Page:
Food workers comprise 71% of essential workers who earn less than £10 an hour
Essential workers who have become the lifeline of the economy in the COVID-19 pandemic are earning about US$1.25 an hour less than most workers, according to a new study.
With most businesses slowing down and others shuttering, workers in sectors such as food and social care are continuing to serve communities and proving vital to response efforts against the coronavirus outbreak. The two sectors employ about 1.6 million in total.
Yet the median hourly wage of these essential workers is only £12.26 (approx. US$15) in today’s prices. By comparison, the median hourly wage of non-essential workers is £13.26, based on 2019 data from the Institute for Fiscal Studies (IFS).
Food workers comprise 71% of essential workers who earn less than £10 an hour. They make £8.59 an hour on average, which is less than the real Living Wage of £9.30 across the UK.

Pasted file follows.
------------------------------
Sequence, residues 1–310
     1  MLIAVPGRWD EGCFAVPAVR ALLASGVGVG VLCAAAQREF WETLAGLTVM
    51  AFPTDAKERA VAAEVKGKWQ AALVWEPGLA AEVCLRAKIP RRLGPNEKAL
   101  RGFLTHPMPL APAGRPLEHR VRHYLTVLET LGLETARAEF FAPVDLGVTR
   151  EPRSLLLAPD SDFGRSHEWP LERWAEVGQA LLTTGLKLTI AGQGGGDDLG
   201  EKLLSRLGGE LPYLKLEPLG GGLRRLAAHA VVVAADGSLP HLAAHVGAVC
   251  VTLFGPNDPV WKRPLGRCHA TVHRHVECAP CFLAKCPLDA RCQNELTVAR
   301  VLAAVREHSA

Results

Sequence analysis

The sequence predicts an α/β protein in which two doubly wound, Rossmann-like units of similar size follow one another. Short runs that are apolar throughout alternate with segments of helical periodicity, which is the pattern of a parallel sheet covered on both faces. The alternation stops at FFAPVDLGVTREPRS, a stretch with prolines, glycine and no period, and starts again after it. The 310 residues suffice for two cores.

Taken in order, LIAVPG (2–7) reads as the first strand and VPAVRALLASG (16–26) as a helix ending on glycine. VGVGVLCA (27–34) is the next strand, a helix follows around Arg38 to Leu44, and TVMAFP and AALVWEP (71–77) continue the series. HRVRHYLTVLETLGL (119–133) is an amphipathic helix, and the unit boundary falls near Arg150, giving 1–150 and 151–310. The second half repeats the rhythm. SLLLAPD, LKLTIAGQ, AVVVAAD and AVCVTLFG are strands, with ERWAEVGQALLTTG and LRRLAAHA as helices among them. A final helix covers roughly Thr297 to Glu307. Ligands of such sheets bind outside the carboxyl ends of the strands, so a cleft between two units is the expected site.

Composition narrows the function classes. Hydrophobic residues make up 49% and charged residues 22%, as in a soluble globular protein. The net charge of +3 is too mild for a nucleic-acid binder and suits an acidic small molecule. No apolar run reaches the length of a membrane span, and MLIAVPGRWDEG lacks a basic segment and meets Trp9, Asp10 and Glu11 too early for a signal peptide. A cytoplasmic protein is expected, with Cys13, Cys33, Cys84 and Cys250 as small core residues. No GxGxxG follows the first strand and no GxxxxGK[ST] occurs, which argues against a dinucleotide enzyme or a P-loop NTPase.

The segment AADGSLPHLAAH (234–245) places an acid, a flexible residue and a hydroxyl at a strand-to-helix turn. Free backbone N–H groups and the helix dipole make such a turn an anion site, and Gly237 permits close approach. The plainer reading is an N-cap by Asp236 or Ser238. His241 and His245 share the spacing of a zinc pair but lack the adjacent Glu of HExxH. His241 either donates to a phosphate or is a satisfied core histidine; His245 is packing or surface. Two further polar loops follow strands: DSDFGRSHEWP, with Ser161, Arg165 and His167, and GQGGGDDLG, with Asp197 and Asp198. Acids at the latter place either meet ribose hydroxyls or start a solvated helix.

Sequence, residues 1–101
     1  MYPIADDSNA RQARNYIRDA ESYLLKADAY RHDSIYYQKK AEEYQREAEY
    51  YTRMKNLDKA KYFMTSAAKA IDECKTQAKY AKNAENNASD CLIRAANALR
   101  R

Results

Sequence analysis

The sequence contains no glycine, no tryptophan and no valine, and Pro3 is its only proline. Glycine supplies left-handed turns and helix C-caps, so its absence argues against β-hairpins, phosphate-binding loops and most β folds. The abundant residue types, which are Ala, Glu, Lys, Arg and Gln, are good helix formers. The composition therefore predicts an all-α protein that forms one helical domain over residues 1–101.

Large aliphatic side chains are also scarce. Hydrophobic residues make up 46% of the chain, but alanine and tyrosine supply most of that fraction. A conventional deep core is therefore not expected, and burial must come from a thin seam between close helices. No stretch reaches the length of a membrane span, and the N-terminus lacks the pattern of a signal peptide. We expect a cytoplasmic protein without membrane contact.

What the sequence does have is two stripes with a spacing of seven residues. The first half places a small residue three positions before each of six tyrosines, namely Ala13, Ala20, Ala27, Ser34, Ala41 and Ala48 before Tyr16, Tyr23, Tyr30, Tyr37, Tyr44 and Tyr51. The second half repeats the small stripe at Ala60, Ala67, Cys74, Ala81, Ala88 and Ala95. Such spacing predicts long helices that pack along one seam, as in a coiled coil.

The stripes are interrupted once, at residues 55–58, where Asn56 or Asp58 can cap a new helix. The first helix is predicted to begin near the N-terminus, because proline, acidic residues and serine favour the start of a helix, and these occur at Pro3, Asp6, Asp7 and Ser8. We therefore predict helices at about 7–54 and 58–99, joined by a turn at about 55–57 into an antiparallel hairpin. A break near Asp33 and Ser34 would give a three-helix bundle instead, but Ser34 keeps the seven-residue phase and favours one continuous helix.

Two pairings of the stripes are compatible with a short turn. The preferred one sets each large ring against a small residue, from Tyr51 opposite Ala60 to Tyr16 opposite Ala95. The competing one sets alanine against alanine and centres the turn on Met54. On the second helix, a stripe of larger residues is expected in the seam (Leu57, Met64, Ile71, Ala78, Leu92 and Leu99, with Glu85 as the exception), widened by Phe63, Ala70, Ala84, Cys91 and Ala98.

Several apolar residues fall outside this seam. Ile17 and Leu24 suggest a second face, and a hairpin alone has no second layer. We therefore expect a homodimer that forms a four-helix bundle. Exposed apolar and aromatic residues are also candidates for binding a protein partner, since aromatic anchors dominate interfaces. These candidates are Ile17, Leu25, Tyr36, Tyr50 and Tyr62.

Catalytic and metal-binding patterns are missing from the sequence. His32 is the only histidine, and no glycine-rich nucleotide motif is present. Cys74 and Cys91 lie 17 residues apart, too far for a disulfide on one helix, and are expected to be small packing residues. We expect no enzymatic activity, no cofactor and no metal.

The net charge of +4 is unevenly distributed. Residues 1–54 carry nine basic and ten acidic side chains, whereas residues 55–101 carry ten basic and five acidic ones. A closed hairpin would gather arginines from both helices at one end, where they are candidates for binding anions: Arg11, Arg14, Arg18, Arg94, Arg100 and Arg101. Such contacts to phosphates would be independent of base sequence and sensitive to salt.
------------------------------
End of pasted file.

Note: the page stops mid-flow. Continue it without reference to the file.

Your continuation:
Low-income essential workers are also likely to be female, the study noted.
“Any policy plans to change key workers’ working conditions after the pandemic has passed will need to take these differences into account,” said Christine Farquharson, senior research economist at the IFS.
On the other hand, in non-essential sectors, low-income earners are seven times more likely to be financially crippled by the pandemic. One in three people who belong in the bottom 10% of income earners worked in a non-essential business prior to the crisis.
Women are also more vulnerable to economic shock than men. One in six women worked in sectors such as hospitality and retail, which have been severely affected by the lockdown, the IFS said.